Education is an investment. Educated Indians will only add on the number of people paying taxes and in turn bring in a higher standard of living for all. The scope OECD says has moved beyond this to the acquiring of quality competencies. Medium term plans keeping in mind the returns from those educated most be formulated. The Indian government strived for the upliftment of this sector right after independence, wherein the Planning Commission had identified the Universalization of Elementary Education; not only primary but also at pre-primary stages where healthcare plays a major part in let’s say, preventing drop-out rates due to sickness. The number of children in the village area are prepared often by taking help from the local panchayats and these are not mere statistical information. Serious planning in Primary education has ensured that children avail the luxury of learning in a quiet and conducive atmosphere. The number of habitations having primary schools within a kilometer, has seen a considerable increase along with enrollment number and following a decrease in gender disparity. The government has focused on Universal Access, Enrolment, Retention and Achievement. Secondary and Higher secondary education has been clearly differentiated as opposed to the system in the past where they were a part of college education or termed as ‘intermediate stages’. Since a lot of drop-outs take place at this level, vocationalization right from the secondary education stage can provide students with practical on-field skills.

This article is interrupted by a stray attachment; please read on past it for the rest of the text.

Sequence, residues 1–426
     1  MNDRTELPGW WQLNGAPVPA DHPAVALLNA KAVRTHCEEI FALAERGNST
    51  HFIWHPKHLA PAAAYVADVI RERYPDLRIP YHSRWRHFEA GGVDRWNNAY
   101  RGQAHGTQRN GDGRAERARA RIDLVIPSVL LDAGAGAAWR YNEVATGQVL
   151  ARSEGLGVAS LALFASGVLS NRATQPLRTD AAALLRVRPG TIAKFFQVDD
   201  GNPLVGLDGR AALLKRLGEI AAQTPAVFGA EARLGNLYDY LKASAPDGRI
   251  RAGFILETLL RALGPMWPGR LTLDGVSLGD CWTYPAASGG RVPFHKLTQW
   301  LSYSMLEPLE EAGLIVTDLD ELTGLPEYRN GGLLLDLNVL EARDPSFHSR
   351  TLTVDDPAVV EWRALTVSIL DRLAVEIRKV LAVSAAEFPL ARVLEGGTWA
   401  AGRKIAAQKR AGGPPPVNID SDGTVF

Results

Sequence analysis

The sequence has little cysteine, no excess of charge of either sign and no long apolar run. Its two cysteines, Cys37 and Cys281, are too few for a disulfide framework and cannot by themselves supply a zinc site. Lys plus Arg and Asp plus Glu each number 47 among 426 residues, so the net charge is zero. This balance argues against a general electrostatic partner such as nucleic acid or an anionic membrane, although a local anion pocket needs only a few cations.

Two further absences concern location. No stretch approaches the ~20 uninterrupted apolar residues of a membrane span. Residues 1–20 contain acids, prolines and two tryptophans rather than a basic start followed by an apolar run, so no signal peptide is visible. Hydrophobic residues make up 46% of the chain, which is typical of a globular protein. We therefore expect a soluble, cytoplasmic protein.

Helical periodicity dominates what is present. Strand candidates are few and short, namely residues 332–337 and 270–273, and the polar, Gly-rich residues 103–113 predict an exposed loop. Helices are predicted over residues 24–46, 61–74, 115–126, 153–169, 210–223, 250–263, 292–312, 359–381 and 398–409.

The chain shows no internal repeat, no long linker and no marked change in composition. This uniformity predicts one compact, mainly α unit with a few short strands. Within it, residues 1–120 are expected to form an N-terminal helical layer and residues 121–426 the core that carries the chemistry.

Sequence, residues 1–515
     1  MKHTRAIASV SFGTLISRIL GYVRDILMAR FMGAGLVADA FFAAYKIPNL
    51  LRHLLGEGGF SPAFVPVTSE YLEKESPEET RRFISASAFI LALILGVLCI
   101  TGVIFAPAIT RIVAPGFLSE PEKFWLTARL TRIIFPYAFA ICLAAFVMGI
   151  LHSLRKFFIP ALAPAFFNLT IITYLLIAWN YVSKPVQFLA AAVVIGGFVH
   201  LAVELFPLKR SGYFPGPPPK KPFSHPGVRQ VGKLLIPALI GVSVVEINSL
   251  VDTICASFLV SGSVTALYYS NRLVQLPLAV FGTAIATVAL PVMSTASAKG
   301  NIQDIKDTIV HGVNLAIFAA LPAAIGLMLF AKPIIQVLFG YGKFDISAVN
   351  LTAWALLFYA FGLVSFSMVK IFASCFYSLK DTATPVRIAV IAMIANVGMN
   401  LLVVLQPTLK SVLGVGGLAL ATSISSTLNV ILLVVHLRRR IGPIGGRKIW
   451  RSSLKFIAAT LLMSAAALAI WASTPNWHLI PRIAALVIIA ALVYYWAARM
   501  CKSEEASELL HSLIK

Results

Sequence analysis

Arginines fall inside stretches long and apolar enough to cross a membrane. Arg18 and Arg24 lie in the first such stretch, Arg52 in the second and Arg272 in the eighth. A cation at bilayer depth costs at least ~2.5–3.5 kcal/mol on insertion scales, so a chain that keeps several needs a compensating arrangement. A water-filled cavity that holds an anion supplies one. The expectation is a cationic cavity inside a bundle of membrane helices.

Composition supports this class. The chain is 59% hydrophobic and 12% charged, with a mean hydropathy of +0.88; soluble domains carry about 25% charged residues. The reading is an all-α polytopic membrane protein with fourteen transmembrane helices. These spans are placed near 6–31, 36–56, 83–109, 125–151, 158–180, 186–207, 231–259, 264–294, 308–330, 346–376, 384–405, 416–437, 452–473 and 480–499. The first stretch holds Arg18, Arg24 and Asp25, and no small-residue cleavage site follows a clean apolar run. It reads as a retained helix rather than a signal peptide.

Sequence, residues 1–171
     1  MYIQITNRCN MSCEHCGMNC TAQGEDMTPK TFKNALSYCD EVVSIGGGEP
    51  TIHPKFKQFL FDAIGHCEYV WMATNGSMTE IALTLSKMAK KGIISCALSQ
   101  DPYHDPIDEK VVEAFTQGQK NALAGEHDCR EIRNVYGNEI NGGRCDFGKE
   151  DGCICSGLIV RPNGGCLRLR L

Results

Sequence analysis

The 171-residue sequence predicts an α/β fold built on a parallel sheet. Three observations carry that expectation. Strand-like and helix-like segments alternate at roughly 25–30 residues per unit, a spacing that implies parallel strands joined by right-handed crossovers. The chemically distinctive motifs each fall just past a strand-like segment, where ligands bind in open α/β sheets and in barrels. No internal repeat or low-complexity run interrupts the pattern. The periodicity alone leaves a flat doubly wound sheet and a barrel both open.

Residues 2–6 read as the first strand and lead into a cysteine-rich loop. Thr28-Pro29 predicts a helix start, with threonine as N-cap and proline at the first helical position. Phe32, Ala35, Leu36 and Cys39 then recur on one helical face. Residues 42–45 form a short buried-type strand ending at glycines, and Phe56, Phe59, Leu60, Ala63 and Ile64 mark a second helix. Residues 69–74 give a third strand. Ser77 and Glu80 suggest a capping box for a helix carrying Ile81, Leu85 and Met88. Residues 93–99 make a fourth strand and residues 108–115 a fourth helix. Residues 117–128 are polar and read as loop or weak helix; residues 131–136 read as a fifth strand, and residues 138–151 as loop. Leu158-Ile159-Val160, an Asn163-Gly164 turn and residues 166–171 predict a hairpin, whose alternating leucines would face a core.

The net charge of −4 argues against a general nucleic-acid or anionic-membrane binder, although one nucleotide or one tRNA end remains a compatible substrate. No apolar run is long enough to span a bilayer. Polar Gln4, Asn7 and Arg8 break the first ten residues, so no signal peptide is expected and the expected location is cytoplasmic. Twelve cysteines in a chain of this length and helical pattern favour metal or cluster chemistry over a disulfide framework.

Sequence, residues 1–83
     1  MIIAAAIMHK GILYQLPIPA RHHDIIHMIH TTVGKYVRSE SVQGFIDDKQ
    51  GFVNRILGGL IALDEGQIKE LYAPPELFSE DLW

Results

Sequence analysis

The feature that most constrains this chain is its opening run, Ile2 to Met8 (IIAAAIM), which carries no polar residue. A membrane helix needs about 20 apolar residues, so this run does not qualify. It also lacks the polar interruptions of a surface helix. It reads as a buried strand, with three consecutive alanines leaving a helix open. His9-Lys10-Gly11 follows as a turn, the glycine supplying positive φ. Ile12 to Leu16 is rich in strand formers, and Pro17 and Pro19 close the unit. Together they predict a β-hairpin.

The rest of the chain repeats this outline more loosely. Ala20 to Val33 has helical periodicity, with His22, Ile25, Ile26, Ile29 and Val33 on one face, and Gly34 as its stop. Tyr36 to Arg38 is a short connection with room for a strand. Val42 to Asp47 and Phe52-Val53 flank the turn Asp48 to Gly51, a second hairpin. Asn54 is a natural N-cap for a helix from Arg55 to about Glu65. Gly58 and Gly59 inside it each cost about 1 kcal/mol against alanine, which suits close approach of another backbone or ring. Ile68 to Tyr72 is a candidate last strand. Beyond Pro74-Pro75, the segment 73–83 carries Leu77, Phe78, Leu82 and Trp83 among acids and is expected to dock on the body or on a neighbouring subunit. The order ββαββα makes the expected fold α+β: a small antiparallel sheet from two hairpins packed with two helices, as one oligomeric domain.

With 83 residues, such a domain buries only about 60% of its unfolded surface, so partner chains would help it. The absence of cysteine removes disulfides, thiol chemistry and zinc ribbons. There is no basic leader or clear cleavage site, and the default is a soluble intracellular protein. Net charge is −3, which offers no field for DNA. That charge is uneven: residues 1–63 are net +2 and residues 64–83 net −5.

The National Education Policy since its inception has been revised a couple of times (1968 under Indira Gandhi, 1986 under Rajiv Gandhi and 1992, under PV Narasimha Rao). The first NEP started with a resolution moved by Congress MP Siddheshwar Prasad who lamented the state of education at that point of time. Consequently, the then Education minister, MC Chagla agreed that a national coordinated policy must be put in place. A 17 member commission was set up headed by DS Kothari. The policy called for a National School System were education would be accessible to all. It also advocated that in the initial years the use of mother-tongue for purposes of teaching would be a must. Moreover it sought to strengthen university level research. The 1986 policy saw a considerable thrust to issues like women empowerment and adult literacy along with development especially for a selected few colleges and autonomy in institutions. During the first implementation, Education was a State subject, where the Centre had little or no participation. Meanwhile, in 1976 Education as a subject was transferred to the Concurrent list, where the Centre had a major role in formulation. The use of three-language scheme in schools, the 10+2+3 formula and several initiatives such as the Sarva Shiksha Abhiyaan, Mid-day meal scheme, National Literacy Mission, are all results of the 1986 scheme. Also, the period saw establishment of the NCERT and its state-level counterpart, UGC, to determine education standards.